The problem of creating democratic institutions in the new architecture of Europe is among the most pressing that social sciences can be asked to address. This issue seems to play a significant role in Northern European citizen dissatisfaction with Europe, and it could be the case that an adequate answer to these issues might prop up the relative lukewarm feelings toward the European Union. At present the majority of European citizens are indifferent or downright negative to the continued existence of the EU and feel that their country has not benefitted from European Union membership (European Commission 1999:37). The challenge is to distill the best of existing European models of governance on the one hand, and to create new and innovative architectures that face the problems of international and multi-cultural federation on the other. Can national forms of governance and administration cope with the issues that the European Union confronts? The criticisms launched against the EU are in some ways similar to those faced by the United Nations or other international organizations. In terms of its efficiency and ability to carry out political decisions, such institutions suffer from being indirectly modeled on national state methods of governance, based on considerable consensus. Yet international organization unites considerable diversity. Further, the EU differs in important ways from the UN in having ambitions to include political representation of citizens at a supra-national level. This is entirely new, yet radically new institutions have not appeared.1
Alison E. Woodward

A European Internal and Security Policy: Freedom of Movement for Whom?

The achievement of European economic integration has required the elimination of internal borders, to facilitate the free circulation of persons, goods and services. The removal of these obstacles has meant, however, not only greater freedom for people in general and workers in particular to move from country to country within the EU, but also new opportunities for terrorists, international criminal organizations, and illegal immigrants. Once inside the European Union, the activities of these groups are no longer bound geographically by international borders. To this new set of problems corresponds the need to develop new mechanisms of police and judicial cooperation, intergovernmental, supranational, or mixed. Finally, European Union citizens must confront not only the advantages of increased freedom of movement but also the new problems created by the increased freedom of movement: Greater vulnerability to crime, to drug trafficking, and to competition for jobs and social services by illegal immigrants. Since European citizens are not very prone yet to move beyond their national borders, not even to work (see Table 1), whereas transnational criminal activities have increased (Roth/Frey 1992), the perceived disadvantages may often outweigh the perceived advantages. Consequently, unless crime and illegal immigration are effectively handled, many citizens may end up developing misgivings toward the removal of borders, thus far one of the most salient and popular achievements of the European Union.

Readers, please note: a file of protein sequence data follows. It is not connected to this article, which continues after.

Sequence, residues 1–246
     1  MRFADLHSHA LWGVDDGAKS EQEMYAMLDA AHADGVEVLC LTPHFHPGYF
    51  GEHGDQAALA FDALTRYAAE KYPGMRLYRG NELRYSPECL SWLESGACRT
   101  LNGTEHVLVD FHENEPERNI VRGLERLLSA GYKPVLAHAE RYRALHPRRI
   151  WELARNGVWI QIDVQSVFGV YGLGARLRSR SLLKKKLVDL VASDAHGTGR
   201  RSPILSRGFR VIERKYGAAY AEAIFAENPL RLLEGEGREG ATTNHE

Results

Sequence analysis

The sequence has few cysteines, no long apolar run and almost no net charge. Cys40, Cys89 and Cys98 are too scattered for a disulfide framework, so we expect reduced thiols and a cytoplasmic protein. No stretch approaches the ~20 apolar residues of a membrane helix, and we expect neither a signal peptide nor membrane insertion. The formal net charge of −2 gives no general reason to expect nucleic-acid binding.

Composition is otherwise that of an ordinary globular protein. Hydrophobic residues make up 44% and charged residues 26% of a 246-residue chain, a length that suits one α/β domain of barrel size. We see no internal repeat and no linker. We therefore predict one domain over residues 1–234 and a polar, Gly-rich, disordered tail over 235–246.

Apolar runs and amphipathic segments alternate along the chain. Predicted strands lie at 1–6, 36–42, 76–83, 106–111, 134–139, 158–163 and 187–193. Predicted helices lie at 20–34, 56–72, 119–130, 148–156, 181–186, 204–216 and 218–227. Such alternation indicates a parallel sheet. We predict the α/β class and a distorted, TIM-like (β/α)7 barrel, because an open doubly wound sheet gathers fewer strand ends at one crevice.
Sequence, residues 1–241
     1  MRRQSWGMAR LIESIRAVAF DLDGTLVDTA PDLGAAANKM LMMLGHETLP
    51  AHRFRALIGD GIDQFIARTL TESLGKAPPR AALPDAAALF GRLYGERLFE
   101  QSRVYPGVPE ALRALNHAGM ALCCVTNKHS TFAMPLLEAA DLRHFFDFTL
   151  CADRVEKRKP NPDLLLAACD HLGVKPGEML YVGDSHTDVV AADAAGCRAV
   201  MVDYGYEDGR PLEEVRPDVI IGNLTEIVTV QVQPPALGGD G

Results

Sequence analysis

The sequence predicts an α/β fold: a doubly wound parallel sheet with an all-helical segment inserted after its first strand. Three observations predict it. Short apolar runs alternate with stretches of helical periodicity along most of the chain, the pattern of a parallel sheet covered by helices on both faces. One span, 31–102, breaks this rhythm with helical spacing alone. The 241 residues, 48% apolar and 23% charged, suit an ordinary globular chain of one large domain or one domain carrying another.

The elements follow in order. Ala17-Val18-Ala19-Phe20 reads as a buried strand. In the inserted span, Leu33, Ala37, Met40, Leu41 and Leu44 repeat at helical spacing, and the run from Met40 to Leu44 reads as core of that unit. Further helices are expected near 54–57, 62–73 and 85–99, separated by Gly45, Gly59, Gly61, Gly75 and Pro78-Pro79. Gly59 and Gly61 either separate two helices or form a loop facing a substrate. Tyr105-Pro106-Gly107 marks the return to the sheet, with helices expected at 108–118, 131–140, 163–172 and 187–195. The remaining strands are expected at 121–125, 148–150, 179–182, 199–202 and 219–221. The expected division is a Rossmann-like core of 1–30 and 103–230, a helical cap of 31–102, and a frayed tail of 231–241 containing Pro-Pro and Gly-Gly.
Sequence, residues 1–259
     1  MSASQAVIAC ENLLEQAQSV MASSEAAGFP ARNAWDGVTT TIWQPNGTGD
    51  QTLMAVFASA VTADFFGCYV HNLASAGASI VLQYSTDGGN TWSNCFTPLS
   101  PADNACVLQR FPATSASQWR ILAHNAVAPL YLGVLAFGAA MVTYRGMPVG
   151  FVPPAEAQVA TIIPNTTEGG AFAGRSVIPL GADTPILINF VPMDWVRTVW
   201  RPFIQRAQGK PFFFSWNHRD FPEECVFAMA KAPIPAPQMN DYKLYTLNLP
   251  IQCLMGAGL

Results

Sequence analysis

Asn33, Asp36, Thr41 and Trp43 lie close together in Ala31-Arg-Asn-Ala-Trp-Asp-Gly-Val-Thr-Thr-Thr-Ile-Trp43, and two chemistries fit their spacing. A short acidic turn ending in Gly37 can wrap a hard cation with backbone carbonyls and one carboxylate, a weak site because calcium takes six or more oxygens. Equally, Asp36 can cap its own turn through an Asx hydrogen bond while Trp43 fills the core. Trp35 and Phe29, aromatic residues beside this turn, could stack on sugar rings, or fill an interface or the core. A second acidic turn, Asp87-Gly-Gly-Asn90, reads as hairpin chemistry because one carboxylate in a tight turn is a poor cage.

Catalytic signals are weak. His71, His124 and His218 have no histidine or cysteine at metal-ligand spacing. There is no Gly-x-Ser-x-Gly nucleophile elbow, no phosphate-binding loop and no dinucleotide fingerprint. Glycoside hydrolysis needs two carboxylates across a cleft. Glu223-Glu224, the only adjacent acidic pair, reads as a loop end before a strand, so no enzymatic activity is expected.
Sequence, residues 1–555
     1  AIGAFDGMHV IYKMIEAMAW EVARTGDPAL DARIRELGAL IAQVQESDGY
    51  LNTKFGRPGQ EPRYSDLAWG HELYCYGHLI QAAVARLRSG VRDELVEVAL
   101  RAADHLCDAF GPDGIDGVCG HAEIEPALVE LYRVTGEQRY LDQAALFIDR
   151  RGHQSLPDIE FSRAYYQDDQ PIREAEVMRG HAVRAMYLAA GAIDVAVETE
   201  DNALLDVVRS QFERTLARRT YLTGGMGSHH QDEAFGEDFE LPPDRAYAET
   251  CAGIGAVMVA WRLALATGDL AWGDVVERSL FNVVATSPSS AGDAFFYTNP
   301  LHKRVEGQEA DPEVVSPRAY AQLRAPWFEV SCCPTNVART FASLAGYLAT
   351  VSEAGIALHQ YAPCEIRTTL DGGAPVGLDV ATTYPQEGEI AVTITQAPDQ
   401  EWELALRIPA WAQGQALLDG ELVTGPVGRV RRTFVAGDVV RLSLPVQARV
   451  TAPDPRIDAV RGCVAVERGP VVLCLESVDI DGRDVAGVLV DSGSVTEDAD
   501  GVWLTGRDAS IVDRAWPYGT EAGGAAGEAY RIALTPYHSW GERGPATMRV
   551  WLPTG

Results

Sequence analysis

Juan Díez-Nicolás, Juan Díez-Medrano

Deficit of Confidence within European Democracies

Recent empirical data attests that a massive majority of Europeans are deeply attached to democracy as the only acceptable political system. According to many surveys most European citizens do not conceive realistically an alternative system of government for their own country. Such a massive attachment is a new phenomenon in Europe — before the war the picture was very different. At the same time, a comparable wealth of data indicates that in most countries a large proportion of people are dissatisfied with the real functioning of the system, that they mistrust basic institutions and social organizations and that they have lost confidence in the confidence in the “political class”. Does this deficit of trust challenge the legitimacy of the current regime?
Mattei Dogan

Politics of Equality and Difference: Transformation of Gender Roles and Labour Markets, Cultural and National Identities


Alternative European Models of Women’s Roles in the Family and the Labour Market